The First Behavioural Style - D - Does Not Stand For Detail

Managing employees

Just as society is like a tapestry woven from different types of people, so are our business environments.   The differences between the types of people on our staff, four customer base and in other stakeholder groups, means that knowing how to effectively communicate with as many as possible is a powerful key for success.

In an earlier article, I discussed how at a high level, there are really only four types of people you will ever meet, and once you can spot them, you have an important key to improving your business outcomes.

In this article, I will share tips on how to spot the first group, but before that, I must stress that there is no right and wrong style, no one is better than another.  In business we need all styles to make things work. What varies however, is the proportions of each type that are needed across differing business sectors.  This will become clearer as I explain the style characteristics.

The first group (“D” or Dominant ) is fairly easy to spot.  They tend to be in the minority, only about 15% of the population but are usually have strong opinions, so you will notice them. 

They make quick decisions, hate lots of details, and tune out to lengthy explanations.  You may notice them getting impatient and just wanting to get on with things. So if you are selling to a D – give them the big picture and let them ask you for more information – they will tell you if they want more.  In some ways, they are an ideal customer – they will decide quickly and are generally comfortable taking risks.

If you are presenting information to this group or sending a proposal, keep it orderly and to the point and keep it unemotional.  Answer their questions directly.  For a “D” employee the traditional feedback sandwich won’t resonate.  They will know what you are doing, and are unlikely to react positively to it – just get to the point.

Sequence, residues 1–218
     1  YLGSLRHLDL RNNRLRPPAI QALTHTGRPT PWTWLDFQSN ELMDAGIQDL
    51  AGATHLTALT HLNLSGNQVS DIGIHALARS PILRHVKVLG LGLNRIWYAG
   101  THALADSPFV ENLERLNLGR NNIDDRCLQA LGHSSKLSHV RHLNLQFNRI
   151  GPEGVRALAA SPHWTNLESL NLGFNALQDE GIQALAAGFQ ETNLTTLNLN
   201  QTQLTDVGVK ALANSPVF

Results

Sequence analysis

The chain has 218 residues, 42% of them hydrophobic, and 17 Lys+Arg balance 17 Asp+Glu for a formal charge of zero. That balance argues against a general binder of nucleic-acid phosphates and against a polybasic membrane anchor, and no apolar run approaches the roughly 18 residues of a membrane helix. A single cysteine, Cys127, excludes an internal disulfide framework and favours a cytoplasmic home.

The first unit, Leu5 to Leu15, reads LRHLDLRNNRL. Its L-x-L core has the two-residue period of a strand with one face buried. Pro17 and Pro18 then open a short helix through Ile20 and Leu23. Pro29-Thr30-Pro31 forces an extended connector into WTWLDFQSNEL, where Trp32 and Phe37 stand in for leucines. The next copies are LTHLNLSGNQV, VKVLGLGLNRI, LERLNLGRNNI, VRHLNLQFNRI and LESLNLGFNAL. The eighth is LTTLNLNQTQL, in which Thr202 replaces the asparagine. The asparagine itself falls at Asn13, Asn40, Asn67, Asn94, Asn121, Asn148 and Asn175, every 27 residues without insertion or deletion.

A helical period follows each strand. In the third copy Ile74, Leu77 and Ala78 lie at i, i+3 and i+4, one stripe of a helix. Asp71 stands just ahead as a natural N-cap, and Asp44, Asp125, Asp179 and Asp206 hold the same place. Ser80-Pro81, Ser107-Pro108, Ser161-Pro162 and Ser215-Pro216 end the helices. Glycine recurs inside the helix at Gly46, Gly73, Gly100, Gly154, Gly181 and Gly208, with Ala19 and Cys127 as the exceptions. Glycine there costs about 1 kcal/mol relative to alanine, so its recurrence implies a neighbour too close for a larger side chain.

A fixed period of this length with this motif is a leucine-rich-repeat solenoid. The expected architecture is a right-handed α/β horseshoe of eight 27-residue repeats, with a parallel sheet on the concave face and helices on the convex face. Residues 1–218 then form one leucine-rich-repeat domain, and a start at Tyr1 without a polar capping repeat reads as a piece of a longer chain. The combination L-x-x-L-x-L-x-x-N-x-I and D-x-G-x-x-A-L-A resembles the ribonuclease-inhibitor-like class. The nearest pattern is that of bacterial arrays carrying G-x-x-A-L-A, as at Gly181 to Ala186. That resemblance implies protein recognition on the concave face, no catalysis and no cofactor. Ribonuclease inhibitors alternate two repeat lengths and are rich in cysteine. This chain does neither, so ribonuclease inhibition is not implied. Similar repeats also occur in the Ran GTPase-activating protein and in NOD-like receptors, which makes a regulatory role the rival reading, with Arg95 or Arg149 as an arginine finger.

They will often be in charge, and if they aren’t they will be the person pushing the team along to get results.  If you are managing someone who is a D, you must keep challenging them – if they are not challenged, they will get bored. Do not micro manage them.  They are self starters and will not respond well to intense management.

Dominants don’t see failure as something to internalise or hide – they can add considerable value to a business because of this.  They will persist and keep looking for alternate solutions, just getting on with it, rather than brooding or giving up.  Donald Trump is a classic High D in this regard and this willingness to get up and have another go, is an essential part of his considerable success.

D’s will sometimes forego diplomacy because they just want to get things done – they don’t see this as rudeness and if you take it personally, they won’t understand why you feel the way you do.   As an employer of a D, you may find yourself from time to time needing to remind the D that the rest of the world does not see things quite the way they do. By making sure that the team comes to understand the value in diversity and the power it brings to the business you create a significant source of competitive advantage so it is worth persevering with making this happen.

In my next article, I will share tips on how to spot the next style – “Influencers” and how you can  start to use this information to build high performing teams.


Narelle Lee

Owner at The Performance Masters

My passion is decoding human behaviour, especially in the workplace. I use the latest research in neurosciences, developmental psychology, and neuro-leadership to help people understand people and through this maximize the results in their business. I blend formal post graduate business education, more than 20 years in senior roles including board experience and my passion for the behavioural sciences to offer my clients pragmatic and innovative solutions that drive results.

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John Belchamber

John Belchamber , Owner & Senior Consultant at Invoke Results

Very well said Narelle. I must tell you the full story a time I took a trainee DISC Consultant out on a sales call to a High D, but in essence, the prospect's apparent rudeness and disinterest led the consultant to blurt out only the bullet points of their usual sales pitch assuming the prospect didn't want them there...deal closed! It'll be interesting to see how many High Ds take the time to read this article...unlike how many High Is will read your next one ;)